Top 5 Most Prominent Ancient Chinese Sculptures

Chinese art is one of the oldest forms of art in the world. Characterized by art from different dynasties, the Chinese people are proud of their ancient art including different types of sculptures that are treasured by almost every Chinese. These sculptures clearly show the age and different time periods their culture has gone through, right from the oldest dynasty in their history. The top 5 ancient Chinese sculptures hail from the following dynasties.
•    Xia dynasty
•    Shang dynasty
•    Zhou dynasty
•    Qin dynasty
•    Han dynasty
•    Jin dynasty
•    Sui dynasty
•    Tang dynasty
•    Song dynasty
Sculptures from a number of these dynasties are used to show the concept and the artistic prowess held by the Chinese people, as a way of depicting and representing their historical transformation.

Here are the Top 5 Ancient Chinese Sculptures:

1.    Chinese Jade
Chinese jade is a sculpture made from a treasured Chinese ornamental stone mostly used to make some of the jewelry products the Chinese identify themselves with. It is a belief among the Chinese that these jade sculptures are used to symbolize purity, immortality, and beauty. Jade is valued a lot among the Chinese people and to them it is more beautiful than gold. In ancient times, Jade was strictly used by elite people, mainly emperors and leaders, to symbolize their power and the value of this rare stone. Ritual vessels and other important objects also had some jade carvings symbolizing beauty. One of their leaders Zhe Sheng was buried in a jade suit to help preserve his body and symbolize the power he held.

2.    Leshan Giant Buddha
Leshan Buddha sculpture is known to be the largest carved Buddha in the world. This ancient Chinese sculpture dates back almost 1300 years, when stone carvings and general art was part of some of the most famous Chinese dynasties. Many monks across the world believe that the sculpture is actually an ancient monk called Maitreya the son of Sakyamuni. The latter is believed to have founded Buddhism.  Buddhists across the world occasionally visit this stone carving near Mt Emei to symbolize their loyalty to Sakyamuni.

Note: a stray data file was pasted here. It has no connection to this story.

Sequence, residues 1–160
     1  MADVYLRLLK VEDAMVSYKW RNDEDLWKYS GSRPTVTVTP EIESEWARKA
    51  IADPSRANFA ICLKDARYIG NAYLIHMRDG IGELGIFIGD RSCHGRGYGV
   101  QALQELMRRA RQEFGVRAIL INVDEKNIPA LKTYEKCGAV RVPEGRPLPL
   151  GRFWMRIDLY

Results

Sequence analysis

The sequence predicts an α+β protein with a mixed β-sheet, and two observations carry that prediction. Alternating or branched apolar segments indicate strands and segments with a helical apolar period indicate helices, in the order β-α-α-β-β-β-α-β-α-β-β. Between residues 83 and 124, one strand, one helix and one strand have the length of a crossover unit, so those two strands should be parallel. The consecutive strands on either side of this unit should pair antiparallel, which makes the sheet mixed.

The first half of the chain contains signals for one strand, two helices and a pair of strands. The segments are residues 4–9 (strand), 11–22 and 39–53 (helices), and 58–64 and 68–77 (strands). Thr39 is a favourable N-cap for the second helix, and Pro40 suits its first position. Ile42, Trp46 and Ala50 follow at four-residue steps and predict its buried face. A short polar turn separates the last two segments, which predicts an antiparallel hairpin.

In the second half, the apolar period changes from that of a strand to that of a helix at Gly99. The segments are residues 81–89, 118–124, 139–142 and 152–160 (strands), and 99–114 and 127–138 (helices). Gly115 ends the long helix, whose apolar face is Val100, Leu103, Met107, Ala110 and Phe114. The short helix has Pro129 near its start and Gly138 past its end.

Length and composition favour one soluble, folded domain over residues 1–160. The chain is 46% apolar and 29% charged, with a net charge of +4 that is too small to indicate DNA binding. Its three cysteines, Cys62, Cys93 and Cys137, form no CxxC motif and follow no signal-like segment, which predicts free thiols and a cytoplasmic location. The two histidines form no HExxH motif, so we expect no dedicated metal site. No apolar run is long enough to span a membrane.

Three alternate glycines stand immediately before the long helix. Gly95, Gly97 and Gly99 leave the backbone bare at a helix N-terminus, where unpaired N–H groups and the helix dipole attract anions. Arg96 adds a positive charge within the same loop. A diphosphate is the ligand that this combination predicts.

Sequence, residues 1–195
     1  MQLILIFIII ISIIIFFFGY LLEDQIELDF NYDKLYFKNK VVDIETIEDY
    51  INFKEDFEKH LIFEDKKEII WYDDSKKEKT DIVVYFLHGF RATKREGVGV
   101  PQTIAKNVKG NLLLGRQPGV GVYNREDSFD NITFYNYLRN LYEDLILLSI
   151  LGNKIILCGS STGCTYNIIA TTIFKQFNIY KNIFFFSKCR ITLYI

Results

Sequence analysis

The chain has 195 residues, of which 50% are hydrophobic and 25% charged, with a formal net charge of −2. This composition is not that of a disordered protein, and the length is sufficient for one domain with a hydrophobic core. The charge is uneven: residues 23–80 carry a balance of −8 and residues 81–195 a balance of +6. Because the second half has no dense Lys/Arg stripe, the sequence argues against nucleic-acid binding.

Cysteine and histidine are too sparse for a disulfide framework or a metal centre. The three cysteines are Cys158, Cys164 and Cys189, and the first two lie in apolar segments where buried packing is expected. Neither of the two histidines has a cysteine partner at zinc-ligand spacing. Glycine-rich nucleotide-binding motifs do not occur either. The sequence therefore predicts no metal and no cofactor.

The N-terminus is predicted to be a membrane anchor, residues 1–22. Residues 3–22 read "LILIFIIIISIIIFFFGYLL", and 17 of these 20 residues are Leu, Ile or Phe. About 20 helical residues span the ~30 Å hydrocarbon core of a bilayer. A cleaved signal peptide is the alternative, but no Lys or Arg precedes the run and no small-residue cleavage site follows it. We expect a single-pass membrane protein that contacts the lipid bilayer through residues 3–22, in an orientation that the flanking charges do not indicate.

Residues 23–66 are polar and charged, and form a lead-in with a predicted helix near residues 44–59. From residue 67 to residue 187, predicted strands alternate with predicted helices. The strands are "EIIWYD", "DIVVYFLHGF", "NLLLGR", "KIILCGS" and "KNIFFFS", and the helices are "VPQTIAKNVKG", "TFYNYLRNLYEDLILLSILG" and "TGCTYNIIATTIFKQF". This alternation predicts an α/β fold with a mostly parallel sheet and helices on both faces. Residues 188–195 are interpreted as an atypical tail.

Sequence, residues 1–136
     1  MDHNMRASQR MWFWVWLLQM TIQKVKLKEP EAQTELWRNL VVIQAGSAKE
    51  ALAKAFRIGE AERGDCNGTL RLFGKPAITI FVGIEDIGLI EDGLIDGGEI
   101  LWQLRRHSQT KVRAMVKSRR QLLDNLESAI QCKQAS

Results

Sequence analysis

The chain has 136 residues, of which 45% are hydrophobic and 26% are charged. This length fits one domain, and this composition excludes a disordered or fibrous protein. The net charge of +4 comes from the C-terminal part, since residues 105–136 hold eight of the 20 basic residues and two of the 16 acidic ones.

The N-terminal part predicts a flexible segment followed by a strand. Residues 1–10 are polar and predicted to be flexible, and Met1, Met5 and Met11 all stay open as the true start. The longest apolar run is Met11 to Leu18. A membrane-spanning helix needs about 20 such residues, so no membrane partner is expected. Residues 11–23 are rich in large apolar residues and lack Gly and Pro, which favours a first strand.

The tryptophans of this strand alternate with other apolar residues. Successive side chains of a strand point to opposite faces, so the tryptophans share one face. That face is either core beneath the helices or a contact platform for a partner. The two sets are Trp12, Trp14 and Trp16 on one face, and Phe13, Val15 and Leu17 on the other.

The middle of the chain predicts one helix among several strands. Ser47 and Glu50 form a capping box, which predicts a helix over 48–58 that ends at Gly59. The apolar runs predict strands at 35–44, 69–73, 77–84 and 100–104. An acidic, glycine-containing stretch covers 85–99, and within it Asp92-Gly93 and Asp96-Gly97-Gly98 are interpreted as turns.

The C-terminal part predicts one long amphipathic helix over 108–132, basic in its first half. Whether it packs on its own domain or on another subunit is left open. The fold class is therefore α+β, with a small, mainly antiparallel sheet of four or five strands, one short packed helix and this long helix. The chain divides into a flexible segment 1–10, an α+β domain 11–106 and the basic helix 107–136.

It is believed that this stone carving took over 90 years to be sculpted by Hai Tong and his disciples with an aim of appeasing the gods to stop the turbulent waters of rivers from killing the local people, as many families in boats were drowning in the river. The government during the Tang dynasty turned down Hai Tong’s request multiple times to fund him so that he could construct this sculpture to appease the gods of waters. He had to remove one of his eyeballs to convince the politicians in the government who then decided to listen to his request and fund him. It was so unfortunate that Hai Tong died before finishing carving the Leshan Buddha but his students stepped up and finished carving the world’s biggest stone carving.

3.    Terracotta Army sculptures.
Discovered by people who were digging a well in Xi’an, China back in 1974, Terracotta army sculptures are one of the biggest archeological discoveries ever made.  Available ancient evidence shows that the emperor behind the sculpting of Terracotta army was Ying Zeng the first Emperor of Qin. After taking the throne Ying Zeng decided to change his name to Qin so as to unify the different kingdoms into one. With the help of over 600,000 workers, Ying embarked on sculpting this ancient mausoleum with the sole aim of accompanying him in his leadership from 246 B.C. After taking the throne Ying Zeng decided to change his name to Qin which was as a result of unifying different kingdoms into one.
Apart from being the person behind Terracotta mausoleum, Qin was the first person to have laid the initial foundations of The Great Walls of China. The sudden death of Qin in 209 B.C led to an end in sculpting the 7,000 soldiers armed with swords and other weapons.

4.    Mogao Caves
These caves found just above River Dachuan were first constructed in 366AD to represent some of the achievements that Buddhists had accomplished in the 4TH century. The contents of almost 492 caves are murals covering a very large area of approximately 46,000 square meters and up to 2000 sculptures. Other Mogao caves have sculptured items that depicted the active trade lifestyle during the Sui dynasty. Trade was their main economic activity hence the camel and middlemen sculptures located in cave number 302.

5.    Rongxian Buddha sculpture
This is the second largest Buddha sculpture after Leshan Buddha. It is approximately 39 meters in height. It is located in Rongxian county. Many monks know it as the third Buddha of the world. It is one of the greatest sculptures by ancient Chinese monks. Rongxian Buddha sculpture is one of the most famous Chinese Sculptures in history. It has stood the test of time, and it is highly visited by thousands of people from all over the world each year.